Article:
8. Embed a review widget on your website: a review widget is a simple piece of technology that enables you to collect, store and display reviews on any website. Trustpilot provide a widget that enables reviews to be collected and automatically displayed on your website and on the Trustpilot site.
  9. Make the process as simple as possible: prompt the user to provide a rating (out of five, for example) as well as written options. Make your review invitation emails short, and keep things simple.
  10. Rank the reviews by recency or by allowing other users to rate the reviews. Ask site users to rate the reviews themselves with the question ‘was this review helpful to you?’

The trick to get ratings and reviews lies in not trying to force people to share feedback but in encouraging customers to help other customers out. Many stores send surveys to customers, enabling it to ask specific questions around areas of interest.

Note: businesses are no longer allowed to offer customers an incentive of any kind for reviews by platforms such as Trustpilot – for example, promotional discounts, cash, loyalty points, gifts or coupons.

Greats – capturing ratings and reviews

A screenshot of the ratings and reviews on the Greats website(Click to expand) have a link from the front of their site directly to a reviews page. They have a call to action saying ‘write a review’ at the top of the page – and then a clear visual of what customers are saying.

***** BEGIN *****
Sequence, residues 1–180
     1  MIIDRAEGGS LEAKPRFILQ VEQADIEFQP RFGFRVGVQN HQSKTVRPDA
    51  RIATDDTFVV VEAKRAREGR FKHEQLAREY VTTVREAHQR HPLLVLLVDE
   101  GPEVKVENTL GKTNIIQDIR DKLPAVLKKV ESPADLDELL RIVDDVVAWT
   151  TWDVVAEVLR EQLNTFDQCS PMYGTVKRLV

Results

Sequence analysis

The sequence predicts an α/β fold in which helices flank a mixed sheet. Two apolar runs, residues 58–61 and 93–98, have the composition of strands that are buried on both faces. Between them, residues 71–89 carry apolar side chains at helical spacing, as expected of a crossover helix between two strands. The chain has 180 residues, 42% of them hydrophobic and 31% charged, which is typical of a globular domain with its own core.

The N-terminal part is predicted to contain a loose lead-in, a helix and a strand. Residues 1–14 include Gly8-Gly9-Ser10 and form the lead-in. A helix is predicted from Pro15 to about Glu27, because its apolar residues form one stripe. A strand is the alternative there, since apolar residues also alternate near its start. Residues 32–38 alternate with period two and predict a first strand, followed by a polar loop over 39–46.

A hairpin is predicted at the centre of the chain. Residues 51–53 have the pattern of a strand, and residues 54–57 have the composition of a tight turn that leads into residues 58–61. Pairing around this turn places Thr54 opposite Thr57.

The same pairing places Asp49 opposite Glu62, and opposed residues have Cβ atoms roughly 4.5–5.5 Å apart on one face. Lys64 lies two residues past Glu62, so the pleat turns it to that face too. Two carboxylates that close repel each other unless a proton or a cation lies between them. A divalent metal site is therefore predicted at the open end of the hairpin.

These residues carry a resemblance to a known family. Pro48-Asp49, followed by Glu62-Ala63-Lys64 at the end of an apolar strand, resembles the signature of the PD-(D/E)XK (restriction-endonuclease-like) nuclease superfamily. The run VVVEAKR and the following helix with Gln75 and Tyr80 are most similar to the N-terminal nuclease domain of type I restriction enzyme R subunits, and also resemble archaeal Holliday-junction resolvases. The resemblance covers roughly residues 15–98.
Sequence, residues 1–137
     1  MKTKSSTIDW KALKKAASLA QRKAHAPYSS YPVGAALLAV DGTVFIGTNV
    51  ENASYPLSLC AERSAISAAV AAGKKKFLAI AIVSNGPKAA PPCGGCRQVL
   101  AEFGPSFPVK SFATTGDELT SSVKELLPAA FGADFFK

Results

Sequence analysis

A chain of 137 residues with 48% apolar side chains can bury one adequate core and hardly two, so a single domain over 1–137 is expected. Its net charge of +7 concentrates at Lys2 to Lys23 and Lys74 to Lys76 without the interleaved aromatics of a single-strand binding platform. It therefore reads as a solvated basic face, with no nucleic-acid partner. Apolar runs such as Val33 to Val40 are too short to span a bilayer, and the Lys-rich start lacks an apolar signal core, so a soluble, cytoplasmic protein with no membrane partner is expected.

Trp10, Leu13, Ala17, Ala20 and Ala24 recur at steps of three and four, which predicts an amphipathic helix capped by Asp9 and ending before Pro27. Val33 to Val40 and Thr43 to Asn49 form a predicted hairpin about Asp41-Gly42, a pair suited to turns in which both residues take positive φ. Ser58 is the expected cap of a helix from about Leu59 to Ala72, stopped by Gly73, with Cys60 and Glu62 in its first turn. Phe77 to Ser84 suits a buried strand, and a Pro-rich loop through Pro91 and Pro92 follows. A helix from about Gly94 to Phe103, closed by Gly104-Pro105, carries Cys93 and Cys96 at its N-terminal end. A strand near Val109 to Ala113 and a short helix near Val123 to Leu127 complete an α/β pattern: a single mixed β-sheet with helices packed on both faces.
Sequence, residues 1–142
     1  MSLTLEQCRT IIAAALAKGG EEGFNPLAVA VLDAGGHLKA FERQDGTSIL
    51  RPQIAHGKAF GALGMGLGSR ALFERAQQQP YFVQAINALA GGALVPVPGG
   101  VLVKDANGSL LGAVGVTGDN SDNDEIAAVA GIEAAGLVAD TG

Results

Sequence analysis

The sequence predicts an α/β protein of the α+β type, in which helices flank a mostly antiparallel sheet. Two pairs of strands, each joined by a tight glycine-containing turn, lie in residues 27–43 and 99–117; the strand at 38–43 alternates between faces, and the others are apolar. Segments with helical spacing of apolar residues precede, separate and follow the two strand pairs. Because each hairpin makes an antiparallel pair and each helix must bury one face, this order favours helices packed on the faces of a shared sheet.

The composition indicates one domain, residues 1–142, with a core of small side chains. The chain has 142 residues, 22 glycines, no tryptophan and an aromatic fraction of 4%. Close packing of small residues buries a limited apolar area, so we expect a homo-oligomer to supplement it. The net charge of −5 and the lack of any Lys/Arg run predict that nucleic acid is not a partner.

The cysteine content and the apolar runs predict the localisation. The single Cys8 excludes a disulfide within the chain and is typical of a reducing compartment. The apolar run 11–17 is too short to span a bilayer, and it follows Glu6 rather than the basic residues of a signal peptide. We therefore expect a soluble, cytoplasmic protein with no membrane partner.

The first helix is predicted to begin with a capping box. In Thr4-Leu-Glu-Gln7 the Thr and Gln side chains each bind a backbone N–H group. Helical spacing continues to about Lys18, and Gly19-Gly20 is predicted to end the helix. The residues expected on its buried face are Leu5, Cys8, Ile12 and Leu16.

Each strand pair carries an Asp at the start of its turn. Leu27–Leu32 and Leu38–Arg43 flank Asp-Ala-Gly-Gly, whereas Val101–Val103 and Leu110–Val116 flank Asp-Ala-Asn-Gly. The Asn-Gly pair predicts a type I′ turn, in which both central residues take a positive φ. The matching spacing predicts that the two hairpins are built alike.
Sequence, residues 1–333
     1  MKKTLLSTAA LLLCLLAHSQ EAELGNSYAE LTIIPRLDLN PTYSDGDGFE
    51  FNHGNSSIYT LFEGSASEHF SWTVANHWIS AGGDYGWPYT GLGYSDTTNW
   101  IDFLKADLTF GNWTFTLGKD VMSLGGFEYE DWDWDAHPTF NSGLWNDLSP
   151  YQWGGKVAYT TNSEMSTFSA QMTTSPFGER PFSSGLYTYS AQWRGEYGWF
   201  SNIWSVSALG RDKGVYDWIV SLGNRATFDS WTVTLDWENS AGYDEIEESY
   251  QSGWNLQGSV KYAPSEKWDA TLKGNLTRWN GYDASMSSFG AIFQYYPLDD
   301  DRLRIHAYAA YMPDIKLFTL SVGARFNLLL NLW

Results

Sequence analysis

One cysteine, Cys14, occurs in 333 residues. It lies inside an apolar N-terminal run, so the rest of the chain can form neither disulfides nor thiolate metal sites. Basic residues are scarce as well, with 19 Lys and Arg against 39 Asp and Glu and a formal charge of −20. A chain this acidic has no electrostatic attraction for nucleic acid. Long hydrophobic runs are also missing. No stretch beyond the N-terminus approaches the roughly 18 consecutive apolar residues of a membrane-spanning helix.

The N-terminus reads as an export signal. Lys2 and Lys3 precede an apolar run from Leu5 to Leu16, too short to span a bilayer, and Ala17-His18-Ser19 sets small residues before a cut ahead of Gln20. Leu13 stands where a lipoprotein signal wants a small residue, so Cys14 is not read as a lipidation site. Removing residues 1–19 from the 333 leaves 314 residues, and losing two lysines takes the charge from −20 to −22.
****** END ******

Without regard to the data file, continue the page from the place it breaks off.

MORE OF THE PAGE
Glossier – creating a video out of ratings and reviews

Glossier video screenshot(Click to expand)

Glossier, a beauty products website, even created a simple video with actual customer reviews. Video tools such as provide templates to make video ads, social media videos, product videos, explainer videos, and more.

Negative feedback

Many companies fear negative feedback. However, failing to respond to it can be worse. Responding to complaints can open up an opportunity.

Respond to negative reviews professionally and genially, and with a heartfelt apology. Respond to reviews as quickly as you can to negate any negative online reputation spreading. Take the discussion out of the public domain as quickly as possible, asking them to contact you via direct message or email, or by telephone, for example. Avoid any public disagreement.

Give as much information as you can about why a problem or misunderstanding occurred. Aim to build goodwill with the customer.

Develop a standard response process for bad reviews, and agree on specific options to resolve a problem. If the issue is solved satisfactorily and the customer is happy, ask them to consider amending or updating their review to reflect how you have remedied the situation.

Many eCommerce stores tend to reply to their one and five-star reviews much more often than two, three and four-star reviews. However, commonsense dictates that if you were trying to influence a customer to change a review to be more favourable, you might have more chance in doing so by replying to average two or three-star experiences rather than trying to change the mind of a customer who seemed to have a strong negative reaction to your business.